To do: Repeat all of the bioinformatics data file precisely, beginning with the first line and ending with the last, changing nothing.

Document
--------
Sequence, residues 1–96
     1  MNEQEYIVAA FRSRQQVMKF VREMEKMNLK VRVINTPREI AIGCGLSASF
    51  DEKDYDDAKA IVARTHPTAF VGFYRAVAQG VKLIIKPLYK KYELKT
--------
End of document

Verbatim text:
Sequence, residues 1–96
     1  MNEQEYIVAA FRSRQQVMKF VREMEKMNLK VRVINTPREI AIGCGLSASF
    51  DEKDYDDAKA IVARTHPTAF VGFYRAVAQG VKLIIKPLYK KYELKT